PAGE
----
Fantasy on the Right, China, Nuclear Weapons and IQ

Fantasy on the Right: China, Nuclear Weapons and IQ

Mark Helprin concludes his May 13, 2008 Wall Street Journal warning about China with an elegy to America: “That beneath a roiled surface is a power limitless yet fair, supple yet restrained.” Well, let’s begin with the word “Limitless.” The last 50 years have demonstrated something about America on the nuclear weapons issue: The reality isn’t Limitless anymore. Not for America. Not for any country. America sacrificed thousands of men and billions of dollars in Vietnam and went home rather than actually start a thermonuclear war. On that issue, America did the right thing: Quit.
It isn’t 1945 anymore, and it isn’t 1945 anymore for a reason: Chinese and Russian nuclear weapon engineers are too good at what they do.  No one will ever see China as a reprise of Japan circa 1945; Hiroshima never  happens in Peking. Moscow never becomes a replay of Berlin. We know that precisely because we know about nuclear weapons.

So the end of Mr. Helprin’s article is just wrong. America’s strength is not limitless; China and Russia both have nuclear weapons aimed at America’s children just as America has nuclear weapons aimed at their children.  America will not invade Russia and China even though at some future date America may look up and see the moral equivalents of Saddam Hussein running Russia and China.  Iraq could be invaded; Russia and China will not be invaded. There is a limit to what America will do to China and Russia. There is a reason Russia and China will never surrender The Bomb.

The end of Mr. Helprin’s article is wrong. What about the beginning and the middle? The are interesting, but they are dangerous.  The beginning presents a fact that will grow to be as important as any fact in the human universe. China grows richer, China grows stronger.

I have read that Napoleon observed, “See China, she sleeps. Let her sleep. When she wakes she will shake the world.” Well, here we are.

Mr. Helprin urges America to use its economic muscle. America today has an advantage but its “sharp nuclear reductions and China’s acquisitions of ballistic-missile submarines and multiple-warhead mobile missiles will eventually come level.”  The change in the relationship between The US and China is treated as if it were inevitable, but, Mr. Helprin believes it is not inevitable.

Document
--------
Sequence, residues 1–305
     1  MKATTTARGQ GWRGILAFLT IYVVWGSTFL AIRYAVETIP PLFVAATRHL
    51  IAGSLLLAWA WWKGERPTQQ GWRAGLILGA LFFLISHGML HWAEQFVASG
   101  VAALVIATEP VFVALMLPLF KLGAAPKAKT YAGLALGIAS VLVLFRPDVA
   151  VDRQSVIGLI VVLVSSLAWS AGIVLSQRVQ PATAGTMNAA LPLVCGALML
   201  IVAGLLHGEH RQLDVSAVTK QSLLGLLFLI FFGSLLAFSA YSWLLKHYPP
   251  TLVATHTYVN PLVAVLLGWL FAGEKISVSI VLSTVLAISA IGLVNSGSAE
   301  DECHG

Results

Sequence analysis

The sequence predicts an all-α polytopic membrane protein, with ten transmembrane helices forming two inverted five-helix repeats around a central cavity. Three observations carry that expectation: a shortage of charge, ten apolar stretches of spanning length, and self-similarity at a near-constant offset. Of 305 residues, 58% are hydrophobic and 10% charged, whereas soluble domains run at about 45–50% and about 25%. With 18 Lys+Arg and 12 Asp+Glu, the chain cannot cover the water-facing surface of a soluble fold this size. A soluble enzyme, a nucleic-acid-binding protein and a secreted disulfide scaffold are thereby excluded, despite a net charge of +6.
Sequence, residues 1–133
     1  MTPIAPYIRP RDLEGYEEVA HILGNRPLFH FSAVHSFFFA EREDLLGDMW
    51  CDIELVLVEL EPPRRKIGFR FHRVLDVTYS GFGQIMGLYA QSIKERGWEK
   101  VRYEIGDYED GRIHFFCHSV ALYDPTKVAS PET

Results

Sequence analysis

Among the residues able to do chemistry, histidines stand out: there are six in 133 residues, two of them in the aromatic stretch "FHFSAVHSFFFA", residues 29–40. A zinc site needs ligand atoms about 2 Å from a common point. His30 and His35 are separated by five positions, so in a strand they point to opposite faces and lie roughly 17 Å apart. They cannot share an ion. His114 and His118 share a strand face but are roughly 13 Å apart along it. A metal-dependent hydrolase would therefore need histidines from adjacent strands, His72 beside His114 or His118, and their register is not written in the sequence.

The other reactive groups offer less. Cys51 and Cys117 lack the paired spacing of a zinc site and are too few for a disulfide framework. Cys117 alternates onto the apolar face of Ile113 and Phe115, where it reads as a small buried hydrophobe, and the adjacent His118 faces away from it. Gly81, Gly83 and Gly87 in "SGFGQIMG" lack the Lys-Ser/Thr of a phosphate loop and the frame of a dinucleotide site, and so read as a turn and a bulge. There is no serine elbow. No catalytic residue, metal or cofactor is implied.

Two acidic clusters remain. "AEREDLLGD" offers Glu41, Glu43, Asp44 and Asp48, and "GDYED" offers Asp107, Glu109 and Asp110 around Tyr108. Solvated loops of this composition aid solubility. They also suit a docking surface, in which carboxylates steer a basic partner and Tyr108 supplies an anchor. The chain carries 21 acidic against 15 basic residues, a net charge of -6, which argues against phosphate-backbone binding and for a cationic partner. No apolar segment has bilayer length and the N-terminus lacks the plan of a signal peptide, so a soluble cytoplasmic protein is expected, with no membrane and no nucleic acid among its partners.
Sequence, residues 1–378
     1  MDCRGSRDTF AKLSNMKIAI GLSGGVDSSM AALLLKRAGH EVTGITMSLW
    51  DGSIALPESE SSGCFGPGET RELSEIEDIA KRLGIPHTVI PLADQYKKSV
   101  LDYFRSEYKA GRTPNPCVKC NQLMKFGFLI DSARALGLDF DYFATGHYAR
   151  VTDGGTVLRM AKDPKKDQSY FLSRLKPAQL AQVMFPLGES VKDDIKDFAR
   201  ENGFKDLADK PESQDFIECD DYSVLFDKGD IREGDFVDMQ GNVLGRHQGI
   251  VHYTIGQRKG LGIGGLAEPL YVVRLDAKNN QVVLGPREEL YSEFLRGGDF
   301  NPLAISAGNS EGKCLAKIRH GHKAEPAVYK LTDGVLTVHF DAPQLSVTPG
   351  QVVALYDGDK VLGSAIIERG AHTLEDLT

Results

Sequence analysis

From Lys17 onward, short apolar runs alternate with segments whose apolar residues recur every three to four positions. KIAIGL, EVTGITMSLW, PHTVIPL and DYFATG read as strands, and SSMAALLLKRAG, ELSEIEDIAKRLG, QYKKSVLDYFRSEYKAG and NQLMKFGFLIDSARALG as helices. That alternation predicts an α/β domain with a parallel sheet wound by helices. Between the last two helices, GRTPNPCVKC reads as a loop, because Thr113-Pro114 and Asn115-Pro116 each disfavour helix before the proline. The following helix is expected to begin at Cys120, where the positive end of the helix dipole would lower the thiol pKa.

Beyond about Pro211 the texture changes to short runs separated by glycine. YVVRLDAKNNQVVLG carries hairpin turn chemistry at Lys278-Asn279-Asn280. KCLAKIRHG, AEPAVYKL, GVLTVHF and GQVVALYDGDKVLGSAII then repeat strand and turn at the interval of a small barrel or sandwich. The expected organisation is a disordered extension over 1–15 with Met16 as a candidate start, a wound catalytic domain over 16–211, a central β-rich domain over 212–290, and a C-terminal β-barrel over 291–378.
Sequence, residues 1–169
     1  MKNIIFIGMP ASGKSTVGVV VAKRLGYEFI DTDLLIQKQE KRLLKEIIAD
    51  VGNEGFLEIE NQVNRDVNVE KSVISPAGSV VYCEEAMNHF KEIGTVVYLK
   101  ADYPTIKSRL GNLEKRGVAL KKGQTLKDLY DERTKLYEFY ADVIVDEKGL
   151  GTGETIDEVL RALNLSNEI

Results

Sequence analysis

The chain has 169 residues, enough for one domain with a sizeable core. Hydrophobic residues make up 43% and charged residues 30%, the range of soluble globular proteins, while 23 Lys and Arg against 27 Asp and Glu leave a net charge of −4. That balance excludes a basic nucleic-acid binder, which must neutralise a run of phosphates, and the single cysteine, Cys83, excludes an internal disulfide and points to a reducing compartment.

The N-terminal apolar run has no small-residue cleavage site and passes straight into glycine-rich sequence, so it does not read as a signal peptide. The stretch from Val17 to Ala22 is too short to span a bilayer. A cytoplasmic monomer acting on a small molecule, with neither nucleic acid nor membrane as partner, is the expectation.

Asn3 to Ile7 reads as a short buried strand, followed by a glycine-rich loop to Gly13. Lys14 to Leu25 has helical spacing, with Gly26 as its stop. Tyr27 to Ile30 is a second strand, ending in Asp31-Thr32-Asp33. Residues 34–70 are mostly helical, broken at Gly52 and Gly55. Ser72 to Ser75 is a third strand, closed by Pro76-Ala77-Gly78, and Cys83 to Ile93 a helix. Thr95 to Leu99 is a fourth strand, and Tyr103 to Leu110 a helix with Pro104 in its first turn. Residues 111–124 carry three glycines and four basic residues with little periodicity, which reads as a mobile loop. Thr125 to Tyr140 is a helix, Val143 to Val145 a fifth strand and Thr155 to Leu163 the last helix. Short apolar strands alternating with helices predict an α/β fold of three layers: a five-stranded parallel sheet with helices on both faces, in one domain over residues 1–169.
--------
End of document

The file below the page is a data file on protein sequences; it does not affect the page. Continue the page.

The key for him is economic: China’s advantage in its torrid advance is cheap labor, America should respond with its advantage, technology labeled “automation.” His ambition: Compete economically, deter China from taking certain military options, protect America’s allies and maintain a favorable balance of power. His version of The Problem: America does not recognize the immediacy of the threat. Far from being an imperialistic aggressor America has been too restrained.

He puts it in historical context: If America were to allocate the average of GNP that America devoted to the military between 1940 and 2000 America would have $800 billion a year to build and maintain a navy and land forces.

“And there we will be, if we are wise, not with 280 ships but a thousand. . . As opposed either to ignominious defeat without war, or war with a rising power emboldened by our weakness and retirement, this would be infinitely cheaper.”

In a non-nuclear world America’s $800 billion trumps everything. America is the successor to the British Empire that the Greatest Generation wanted it to be: The World Policeman.

In a nuclear world the $800 billion does not trump everything. China has not and does not need the $800 billion to force America into a condition the Greatest Generation never could have anticipated: Mutual Assured Destruction. The Chinese potential to destroy America now rests on a handful of land missiles 45 minutes away. Suppose that China responds to America’s 1000 ships with the comparative handful of ships that China can afford, but it makes those handful capable of carrying and delivering nuclear weapons.

What Mr. Helprin, and the American Establishment does not note is that we have been here before. Mr. Helprin’s focus on the economics of The Challenge is the same as the focus for 50 years of intelligent, white, patriotic, democratic  intellectuals. The assumption is that Russia then, and both Russia and China now can be safely “controlled”, “steered”, “led”, “threatened” by America  because America has a much bigger economy than Russia and China. But 50 years ago the U.S. could have destroyed both Russia and China without being destroyed itself. America no longer has that security.

The key is that nuclear weapons have not been, and will not be, so expensive that a much smaller economy can not produce enough of the things to threaten America. There is a reason Mutual Assured Destruction has become part of the common vocabulary.

Assume that China sees America’s insistence on a thousand ships as a threat against it. And assume further that while there may be a certain amount of dissonance around the issue, the Chinese recollection of Anglo-American racism in Asia guarantees a united Chinese determination to match the blond threat with their own threat.

There is a bottom line truth to nuclear weapons. America can not have a world in which the American three year old is infinitely safe and the Chinese and Russian three year olds are infinitely vulnerable.

r peppe



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